The city of San Francisco is now answering to a lawsuit filed by the ACLU, following the police’s arrest and handling of homeless man named Bob Offer-Westort last January. Offer-Westort had set up a tent in the city’s Jane Warner Plaza, and found himself in handcuffs after refusing authority’s request to leave the premises. While in custody at the station, the police then confiscated his cell phone, and proceeded to look through all of his messages, without obtaining his consent. As Offer-Westort objected to the search, SFPD Officer Chambers responded with a statement (to effect of): “The California Supreme Court gives me the right after I arrest you.”
Is this indeed an absolute right though?
In 2011, the California Supreme Court found that a search of an arrestee’s cellphone was not a violation of the Fourth Amendment (see People v Diaz). This decision has encountered rampant resistance from many organizations, including the ACLU, who filed the recent complaint on Offer-Westort’s behalf.
In the complaint, the ACLU reasons that Defendant’s Fourth Amendment rights were violated, since the search was conducted without obtaining a search warrant:
“By searching arrestees’ cell phones incident to their arrest without first obtaining a warrant, including when there is no reasonable basis to believe evidence of the crime of arrest would be found on the arrestees’ phone, Defendants have interfered with and continue to interfere with the exercise and enjoyment of the arrestees’ right to speech and associational privacy guaranteed by the California Constitution.”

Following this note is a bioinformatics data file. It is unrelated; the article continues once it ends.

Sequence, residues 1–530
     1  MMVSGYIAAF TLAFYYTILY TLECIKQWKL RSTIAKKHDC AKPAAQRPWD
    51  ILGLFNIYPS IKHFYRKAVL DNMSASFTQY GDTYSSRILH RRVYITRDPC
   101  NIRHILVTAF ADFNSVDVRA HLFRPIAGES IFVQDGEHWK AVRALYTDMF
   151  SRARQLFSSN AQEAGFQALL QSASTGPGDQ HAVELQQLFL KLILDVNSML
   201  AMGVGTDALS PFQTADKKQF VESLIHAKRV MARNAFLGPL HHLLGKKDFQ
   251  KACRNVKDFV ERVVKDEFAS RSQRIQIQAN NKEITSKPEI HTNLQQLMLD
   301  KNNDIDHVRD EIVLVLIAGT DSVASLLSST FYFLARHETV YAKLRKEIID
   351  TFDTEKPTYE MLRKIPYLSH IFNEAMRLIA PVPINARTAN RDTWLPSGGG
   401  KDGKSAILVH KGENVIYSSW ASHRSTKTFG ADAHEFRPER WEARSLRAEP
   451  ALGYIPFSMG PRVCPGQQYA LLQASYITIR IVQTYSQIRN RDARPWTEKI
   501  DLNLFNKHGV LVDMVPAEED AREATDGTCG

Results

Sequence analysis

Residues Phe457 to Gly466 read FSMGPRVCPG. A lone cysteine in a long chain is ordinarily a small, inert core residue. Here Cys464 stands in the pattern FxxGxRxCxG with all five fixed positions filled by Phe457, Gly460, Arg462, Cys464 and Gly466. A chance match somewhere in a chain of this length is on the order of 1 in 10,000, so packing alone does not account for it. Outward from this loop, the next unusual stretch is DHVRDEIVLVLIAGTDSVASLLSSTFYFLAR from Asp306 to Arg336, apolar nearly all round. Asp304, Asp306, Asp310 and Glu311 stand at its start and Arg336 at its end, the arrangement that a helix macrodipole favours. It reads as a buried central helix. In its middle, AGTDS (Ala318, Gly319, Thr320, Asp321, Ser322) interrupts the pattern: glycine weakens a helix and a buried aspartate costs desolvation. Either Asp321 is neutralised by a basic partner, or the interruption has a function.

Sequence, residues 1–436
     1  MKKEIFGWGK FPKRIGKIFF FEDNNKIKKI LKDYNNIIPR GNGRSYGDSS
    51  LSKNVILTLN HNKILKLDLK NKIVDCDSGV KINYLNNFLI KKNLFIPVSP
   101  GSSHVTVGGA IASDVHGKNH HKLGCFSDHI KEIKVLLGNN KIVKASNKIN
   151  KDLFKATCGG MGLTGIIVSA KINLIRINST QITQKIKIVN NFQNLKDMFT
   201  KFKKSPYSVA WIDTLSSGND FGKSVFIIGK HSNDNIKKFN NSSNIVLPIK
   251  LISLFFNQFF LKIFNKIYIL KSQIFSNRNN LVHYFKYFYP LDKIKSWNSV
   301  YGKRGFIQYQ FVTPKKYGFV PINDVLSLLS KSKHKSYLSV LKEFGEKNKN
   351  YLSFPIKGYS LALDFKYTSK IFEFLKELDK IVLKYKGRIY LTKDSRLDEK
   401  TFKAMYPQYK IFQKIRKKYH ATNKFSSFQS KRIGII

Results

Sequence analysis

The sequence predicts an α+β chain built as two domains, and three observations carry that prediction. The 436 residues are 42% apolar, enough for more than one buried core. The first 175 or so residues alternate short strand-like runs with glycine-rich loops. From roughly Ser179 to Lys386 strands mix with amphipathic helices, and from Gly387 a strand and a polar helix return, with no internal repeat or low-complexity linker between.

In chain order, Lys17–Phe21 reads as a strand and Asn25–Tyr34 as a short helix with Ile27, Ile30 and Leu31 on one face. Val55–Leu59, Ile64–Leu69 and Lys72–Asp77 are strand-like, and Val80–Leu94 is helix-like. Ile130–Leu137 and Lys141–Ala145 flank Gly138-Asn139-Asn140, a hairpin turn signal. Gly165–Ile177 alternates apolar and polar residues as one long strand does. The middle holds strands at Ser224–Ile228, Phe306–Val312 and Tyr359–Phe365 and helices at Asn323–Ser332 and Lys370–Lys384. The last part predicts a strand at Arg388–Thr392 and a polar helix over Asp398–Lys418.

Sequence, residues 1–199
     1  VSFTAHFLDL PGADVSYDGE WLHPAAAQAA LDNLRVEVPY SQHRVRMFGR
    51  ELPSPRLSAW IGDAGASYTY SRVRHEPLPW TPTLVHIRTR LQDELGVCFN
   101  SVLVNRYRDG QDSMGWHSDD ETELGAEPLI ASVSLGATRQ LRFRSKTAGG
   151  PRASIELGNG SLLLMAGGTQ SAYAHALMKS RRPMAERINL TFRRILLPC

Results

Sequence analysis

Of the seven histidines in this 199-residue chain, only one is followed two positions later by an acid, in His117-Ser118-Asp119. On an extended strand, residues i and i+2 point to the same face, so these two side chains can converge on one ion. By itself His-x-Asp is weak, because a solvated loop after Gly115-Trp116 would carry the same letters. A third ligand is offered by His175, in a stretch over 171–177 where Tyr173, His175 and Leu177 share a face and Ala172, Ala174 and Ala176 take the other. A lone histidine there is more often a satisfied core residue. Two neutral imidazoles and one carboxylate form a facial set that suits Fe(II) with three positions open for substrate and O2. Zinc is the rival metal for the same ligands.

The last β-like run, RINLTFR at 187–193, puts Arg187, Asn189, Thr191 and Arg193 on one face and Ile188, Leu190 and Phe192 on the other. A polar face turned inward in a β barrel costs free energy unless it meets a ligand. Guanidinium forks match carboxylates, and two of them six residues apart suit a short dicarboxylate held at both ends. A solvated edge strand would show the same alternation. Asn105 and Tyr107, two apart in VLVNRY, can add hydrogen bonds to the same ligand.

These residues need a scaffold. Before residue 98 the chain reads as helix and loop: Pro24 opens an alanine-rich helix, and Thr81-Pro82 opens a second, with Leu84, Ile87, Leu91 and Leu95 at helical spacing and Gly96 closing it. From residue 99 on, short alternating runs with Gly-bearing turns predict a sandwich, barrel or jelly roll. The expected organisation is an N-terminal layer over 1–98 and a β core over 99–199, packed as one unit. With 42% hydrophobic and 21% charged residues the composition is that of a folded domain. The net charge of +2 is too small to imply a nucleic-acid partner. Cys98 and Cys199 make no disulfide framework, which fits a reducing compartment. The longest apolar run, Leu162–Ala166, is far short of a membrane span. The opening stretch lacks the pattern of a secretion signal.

Speaking to the SF Examiner about the case, attorney Marley Degner argued that a cell phone is not unlike a virtual home office, due to all financial and professional information found on any given device. She thus contests the government’s actions in the matter at hand, stressing the importance of search warrants in such circumstances:
“Police need a warrant to search our home office… Our cellphones should be treated the same way.”
This cell phone search debate arises just months after Canada’s deliberation over mobile device boundaries, where the Court found police searches of cell phones permissible, unless the citizen had
a passcode on his device.
It has become a certainty that one must really watch what they say online, but maybe people should also start rethinking some of their cell phone correspondences from now on too.